Latino Youth High School

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Latino Youth High School
Students and staff of Latino Youth Alternative High School.jpg
Latino Youth High School is located in Chicago
Latino Youth High School
Latino Youth High School
Latino Youth High School is located in Chicago metropolitan area
Latino Youth High School
Latino Youth High School
Latino Youth High School is located in Illinois
Latino Youth High School
Latino Youth High School
Latino Youth High School is located in the US
Latino Youth High School
Latino Youth High School
2001 S. California Ave
Chicago, Illinois 60608
United States
Coordinates 41°51′17″N 87°41′43″W / 41.854651°N 87.695318°W / 41.854651; -87.695318Coordinates: 41°51′17″N 87°41′43″W / 41.854651°N 87.695318°W / 41.854651; -87.695318
Type Charter
Motto Respect, Integrity, Scholarship, and Engagement.
School district Chicago Public Schools
Director James J. Hurlburt
Grades 9-12
Enrollment 200
Color(s)           Maroon, Tan
Mascot Gecko
Nickname the Fighting Geckos

Latino Youth High School (LYHS) is a public charter high school that was established in 1974 as a program of Latino Youth, Inc. to address the problem of high dropout rates among children in the Pilsen / Little Village community.[1]


Latino Youth High School started as a division of Latino Youth, Inc. (originally Latino Youth Drug Intervention Program) when the non-profit sought to expand its services to youths who required a "second chance" to obtain a high school diploma. To that end, in 1985, an abandoned property at 2200 S. Marshall Boulevard was acquired (donated by the bank that owned it) and became a home to the high school. At this location, for over 25 years, the organization provided an array of social and educational services to over 5,000 students and their families each year. However, facing financial hardship the high school was acquired by another community non-profit, Pilsen Wellness Center, in 2005 and moved to its current location at 2001 S. California Avenue.

In 2011, the teachers at Latino Youth High School formed a union with the Chicago Alliance of Charter Teachers and Staff (Chicago ACTS) in response to what they believed to be administrative mismanagement of the school. Although the union was certified by the Illinois Educational Labor Relations Board and the National Labor Relations Board (NLRB) made clear that charter schools are public schools and are allowed to unionize under Illinois state law the administration of Pilsen Wellness Center has refused to negotiate with the school’s teachers.[2] Agency administrators are waiting until the NLRB decides an appeal filed by the Chicago Math and Science Academy regarding a similar case.[3]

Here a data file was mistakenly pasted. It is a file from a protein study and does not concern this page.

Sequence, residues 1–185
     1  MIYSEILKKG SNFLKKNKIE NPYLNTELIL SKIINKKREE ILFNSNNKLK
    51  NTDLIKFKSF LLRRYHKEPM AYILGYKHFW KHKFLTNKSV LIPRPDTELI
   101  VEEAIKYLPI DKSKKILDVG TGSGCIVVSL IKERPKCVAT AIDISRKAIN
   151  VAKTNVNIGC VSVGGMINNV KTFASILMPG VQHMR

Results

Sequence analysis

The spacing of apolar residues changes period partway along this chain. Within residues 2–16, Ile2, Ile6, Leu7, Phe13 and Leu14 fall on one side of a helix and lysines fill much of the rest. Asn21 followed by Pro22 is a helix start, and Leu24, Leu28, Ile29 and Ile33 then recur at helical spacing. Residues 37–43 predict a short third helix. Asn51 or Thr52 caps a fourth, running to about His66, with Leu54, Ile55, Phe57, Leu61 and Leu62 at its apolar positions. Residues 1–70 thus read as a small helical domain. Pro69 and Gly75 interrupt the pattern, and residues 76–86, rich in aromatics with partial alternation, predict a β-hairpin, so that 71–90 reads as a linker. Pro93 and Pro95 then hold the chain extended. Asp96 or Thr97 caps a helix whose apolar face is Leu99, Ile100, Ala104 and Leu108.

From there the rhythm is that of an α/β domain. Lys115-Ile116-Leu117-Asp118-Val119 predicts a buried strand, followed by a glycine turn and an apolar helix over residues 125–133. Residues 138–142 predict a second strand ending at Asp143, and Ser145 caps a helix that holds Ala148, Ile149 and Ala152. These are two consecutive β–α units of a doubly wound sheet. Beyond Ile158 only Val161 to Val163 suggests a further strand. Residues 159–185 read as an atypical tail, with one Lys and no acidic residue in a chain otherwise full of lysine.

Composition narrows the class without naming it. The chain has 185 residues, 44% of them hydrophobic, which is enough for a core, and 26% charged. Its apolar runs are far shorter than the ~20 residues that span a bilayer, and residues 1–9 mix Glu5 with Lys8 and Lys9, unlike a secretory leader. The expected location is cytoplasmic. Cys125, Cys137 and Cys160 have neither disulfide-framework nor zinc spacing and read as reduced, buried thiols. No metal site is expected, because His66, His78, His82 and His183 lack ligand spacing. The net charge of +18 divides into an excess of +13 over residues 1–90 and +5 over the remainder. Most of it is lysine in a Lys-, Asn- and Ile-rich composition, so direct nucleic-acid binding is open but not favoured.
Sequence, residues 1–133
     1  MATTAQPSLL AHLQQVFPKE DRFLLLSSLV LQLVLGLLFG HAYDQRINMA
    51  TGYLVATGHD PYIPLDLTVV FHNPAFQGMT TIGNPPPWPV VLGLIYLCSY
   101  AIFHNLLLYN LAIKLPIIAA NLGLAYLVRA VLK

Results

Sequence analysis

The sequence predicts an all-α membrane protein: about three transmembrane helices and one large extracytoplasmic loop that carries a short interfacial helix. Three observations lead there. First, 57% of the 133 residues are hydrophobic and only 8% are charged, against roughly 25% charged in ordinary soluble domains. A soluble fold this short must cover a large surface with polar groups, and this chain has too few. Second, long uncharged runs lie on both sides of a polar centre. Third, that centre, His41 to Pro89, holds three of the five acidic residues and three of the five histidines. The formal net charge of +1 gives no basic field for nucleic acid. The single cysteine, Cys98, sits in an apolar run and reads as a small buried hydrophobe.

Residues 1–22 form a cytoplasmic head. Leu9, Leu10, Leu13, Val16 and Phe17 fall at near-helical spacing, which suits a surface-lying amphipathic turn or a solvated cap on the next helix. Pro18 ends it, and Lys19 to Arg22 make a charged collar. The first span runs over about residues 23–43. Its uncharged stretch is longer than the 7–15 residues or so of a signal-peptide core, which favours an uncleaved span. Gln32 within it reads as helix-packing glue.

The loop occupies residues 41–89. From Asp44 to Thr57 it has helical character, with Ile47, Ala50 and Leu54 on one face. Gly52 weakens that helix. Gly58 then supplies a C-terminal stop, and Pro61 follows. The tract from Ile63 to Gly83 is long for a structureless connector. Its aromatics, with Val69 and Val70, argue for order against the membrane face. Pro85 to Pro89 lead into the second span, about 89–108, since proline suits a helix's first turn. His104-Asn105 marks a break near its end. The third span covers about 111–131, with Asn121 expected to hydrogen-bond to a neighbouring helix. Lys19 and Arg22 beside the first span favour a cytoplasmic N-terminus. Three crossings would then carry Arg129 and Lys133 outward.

Notable persons[edit]

  • Sandra Cisneros - an American writer best known for her acclaimed first novel The House on Mango Street is a former teacher at Latino Youth.[4]
  • Guillermo "Bill" Lazo - Author, Poet. One of the original teachers at Latino Youth. Helped students publish first edition of "Un Verano" a collection of poems and art work created by Latino Youth students and others from the community.
  • Rudy Lozano - Chicago community activist and one of the founding teachers at Latino Youth.
  • Leonard Ramirez - Director of the Latin American Recruitment Education Service (LARES) Program at the University of Illinois at Chicago for nearly 30 years is a former teacher at Latino Youth.[5]
  • Daniel Solis - alderman of Chicago's 25th ward and a co-founder of Latino Youth. Alderman Solis is also the co-founder and Executive Director of the United Neighborhood Organization, which established the successful Chicago-based network of UNO Charter Schools.[6]

Educational partners[edit]

Latino Youth High School is a campus of the Youth Connection Charter School (YCCS), a member of the Alternative School Network (ASN) a division of Pilsen Wellness Center (PWC), and is recognized by the Illinois State Board of Education (ISBE). Latino Youth High School also receives funding and support from the Chicago Public Schools (CPS), The Department of Children and Family Services' (DCFS), and the Youth Development and Training Program (YSDTP).[7]


External links[edit]